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1.  The Metabolism and Transplacental Transfer of Oseltamivir in the Ex Vivo Human Model 
Oseltamivir phosphate is extensively metabolized in the ex vivo human placenta model, and the transplacental passage of the metabolite oseltamivir carboxylate is incomplete. Objective. To evaluate the metabolism and transplacental transfer of oseltamivir (Tamiflu) in the ex vivo human placental model. Study Design. Perfusion studies were performed in six placentas from term, uncomplicated deliveries. Concentrations of oseltamivir phosphate (OP) that were 5-6 fold, 20–30 fold, and 600–800 fold above the therapeutic peak were tested, as neither OP nor its active metabolite, oseltamivir carboxylate (OC), could be detected at near-therapeutic concentrations. The transplacental transfer and accumulation of OC were assessed using the 14C antipyrine reference method. Results. OP was extensively metabolized to OC. In the 4 placentas with the highest concentration of OP, OC had a mean clearance index of 0.13 ± 0.08, suggesting that transplacental passage occurs at a relatively low rate. Measurable fetal accumulation occurred in the two placentas with the highest initial concentrations. Conclusions. Oseltamivir phosphate was extensively metabolized in the ex vivo model. Transplacental transfer of the metabolite was incomplete and accumulation was minimal.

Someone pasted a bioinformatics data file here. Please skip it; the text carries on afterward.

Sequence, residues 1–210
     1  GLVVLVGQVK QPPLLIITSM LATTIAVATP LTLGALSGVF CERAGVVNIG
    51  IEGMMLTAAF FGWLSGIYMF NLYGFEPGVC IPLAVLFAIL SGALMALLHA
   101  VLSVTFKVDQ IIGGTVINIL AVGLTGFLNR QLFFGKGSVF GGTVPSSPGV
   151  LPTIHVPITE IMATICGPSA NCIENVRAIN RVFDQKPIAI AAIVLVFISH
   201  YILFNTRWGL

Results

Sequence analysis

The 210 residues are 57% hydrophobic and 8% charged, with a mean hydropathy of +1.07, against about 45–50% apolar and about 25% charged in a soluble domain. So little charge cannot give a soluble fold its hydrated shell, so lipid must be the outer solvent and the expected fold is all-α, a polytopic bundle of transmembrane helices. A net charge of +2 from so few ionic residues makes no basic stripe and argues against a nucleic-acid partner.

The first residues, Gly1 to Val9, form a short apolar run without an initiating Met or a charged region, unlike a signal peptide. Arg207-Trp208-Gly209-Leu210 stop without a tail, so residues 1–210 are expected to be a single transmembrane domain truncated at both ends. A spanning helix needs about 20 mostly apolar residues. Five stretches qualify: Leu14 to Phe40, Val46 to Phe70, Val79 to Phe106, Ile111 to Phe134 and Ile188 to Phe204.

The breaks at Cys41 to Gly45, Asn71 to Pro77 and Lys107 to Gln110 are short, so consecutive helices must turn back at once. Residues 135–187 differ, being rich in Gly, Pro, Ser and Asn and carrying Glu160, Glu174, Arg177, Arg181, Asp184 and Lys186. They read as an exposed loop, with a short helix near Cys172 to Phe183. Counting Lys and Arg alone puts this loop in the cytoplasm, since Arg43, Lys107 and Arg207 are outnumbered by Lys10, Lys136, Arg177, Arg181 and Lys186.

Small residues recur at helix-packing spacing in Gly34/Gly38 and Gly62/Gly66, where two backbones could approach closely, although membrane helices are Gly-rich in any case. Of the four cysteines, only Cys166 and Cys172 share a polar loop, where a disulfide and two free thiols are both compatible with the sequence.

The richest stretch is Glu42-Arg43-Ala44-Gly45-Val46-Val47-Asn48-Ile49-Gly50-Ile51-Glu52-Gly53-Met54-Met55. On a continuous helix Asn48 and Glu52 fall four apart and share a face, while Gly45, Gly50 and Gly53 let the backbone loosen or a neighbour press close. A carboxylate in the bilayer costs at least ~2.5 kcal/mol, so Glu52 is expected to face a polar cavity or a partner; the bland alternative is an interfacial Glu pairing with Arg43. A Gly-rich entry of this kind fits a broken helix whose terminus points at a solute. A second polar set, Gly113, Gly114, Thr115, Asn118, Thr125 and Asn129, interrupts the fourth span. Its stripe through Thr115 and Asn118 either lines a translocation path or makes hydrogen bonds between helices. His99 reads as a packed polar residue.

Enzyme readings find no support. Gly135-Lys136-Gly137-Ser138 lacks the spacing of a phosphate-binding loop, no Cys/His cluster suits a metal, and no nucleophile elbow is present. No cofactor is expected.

doi:10.1155/2008/927574
PMCID: PMC2413047  PMID: 18551180
2.  The Bidirectional Transfer and Fetal Vascular Pressure Changes Due to the Presence of 125 I-Labeled Inhibin A in the ex-vivo Human Placental Model 
Objective: The purpose of this study was to investigate the transport of inhibin A and to determine its effects on fetal vascular pressure at elevated levels in the human placenta using 125I -labeled synthetic glycoprotein.
Methods: Synthetic inhibinAwas prepared and was shown to be consistent with the natural form by high-pressure liquid chromatography (HPLC) and molecular weight determination by gas-chromatography mass spectrometry. The standardized Na125I process yielded 125I -labeled inhibin A with a radioactivity of 106 cpm/μg. This compound was placed in the human placenta in maternal–fetal and fetal–maternal studies using antipyrine and 14C -labeled inulin as controls to determine the bidirectional transfer of the compound.
Results: Maternal–fetal and fetal–maternal clearance indices were 0.045± 0.003 and 0, respectively. In eight placentas there was no evidence of vascular pressure changes due to the presence of up to 5000 pg of inhibin A.
Conclusions: There is minimal maternal–fetal transfer and no detectable fetal–maternal transfer in normotensive and pregnancy-induced hypertensive placentas. In addition, there are no pressure changes in the fetal vascular system due to the clinically significant levels of inhibin A.
doi:10.1080/10647440300025505
PMCID: PMC1852274  PMID: 14627215
3.  Ex Vivo Human Placental Transfer of Anti-Human Immunodeficiency Virus Compounds 
Objective: The transfer of anti-human immunodeficiency virus (HIV) drugs has been studied in the ex vivo human placental model. There is a paucity of information on the placental transfer of these drugs because of ethical considerations and the expense involved in the use of the non-human primate model.